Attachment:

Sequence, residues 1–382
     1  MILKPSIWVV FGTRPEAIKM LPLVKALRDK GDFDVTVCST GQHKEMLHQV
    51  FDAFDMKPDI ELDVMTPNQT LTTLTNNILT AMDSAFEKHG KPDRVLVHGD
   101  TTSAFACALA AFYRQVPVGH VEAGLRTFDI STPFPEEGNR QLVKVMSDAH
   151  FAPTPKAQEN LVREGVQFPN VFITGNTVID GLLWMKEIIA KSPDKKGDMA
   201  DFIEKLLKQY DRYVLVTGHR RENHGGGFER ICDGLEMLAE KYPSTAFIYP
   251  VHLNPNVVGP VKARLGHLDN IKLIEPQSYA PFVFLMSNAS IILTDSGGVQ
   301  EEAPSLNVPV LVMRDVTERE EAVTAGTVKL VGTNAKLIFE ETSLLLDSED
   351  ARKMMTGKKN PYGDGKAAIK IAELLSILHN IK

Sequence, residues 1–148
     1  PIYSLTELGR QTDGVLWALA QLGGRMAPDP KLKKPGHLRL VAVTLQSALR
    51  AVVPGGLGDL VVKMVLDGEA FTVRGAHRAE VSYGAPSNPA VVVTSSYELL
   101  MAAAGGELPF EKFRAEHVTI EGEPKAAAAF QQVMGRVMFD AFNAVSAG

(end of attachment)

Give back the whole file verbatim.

Sequence, residues 1–382
     1  MILKPSIWVV FGTRPEAIKM LPLVKALRDK GDFDVTVCST GQHKEMLHQV
    51  FDAFDMKPDI ELDVMTPNQT LTTLTNNILT AMDSAFEKHG KPDRVLVHGD
   101  TTSAFACALA AFYRQVPVGH VEAGLRTFDI STPFPEEGNR QLVKVMSDAH
   151  FAPTPKAQEN LVREGVQFPN VFITGNTVID GLLWMKEIIA KSPDKKGDMA
   201  DFIEKLLKQY DRYVLVTGHR RENHGGGFER ICDGLEMLAE KYPSTAFIYP
   251  VHLNPNVVGP VKARLGHLDN IKLIEPQSYA PFVFLMSNAS IILTDSGGVQ
   301  EEAPSLNVPV LVMRDVTERE EAVTAGTVKL VGTNAKLIFE ETSLLLDSED
   351  ARKMMTGKKN PYGDGKAAIK IAELLSILHN IK

Sequence, residues 1–148
     1  PIYSLTELGR QTDGVLWALA QLGGRMAPDP KLKKPGHLRL VAVTLQSALR
    51  AVVPGGLGDL VVKMVLDGEA FTVRGAHRAE VSYGAPSNPA VVVTSSYELL
   101  MAAAGGELPF EKFRAEHVTI EGEPKAAAAF QQVMGRVMFD AFNAVSAG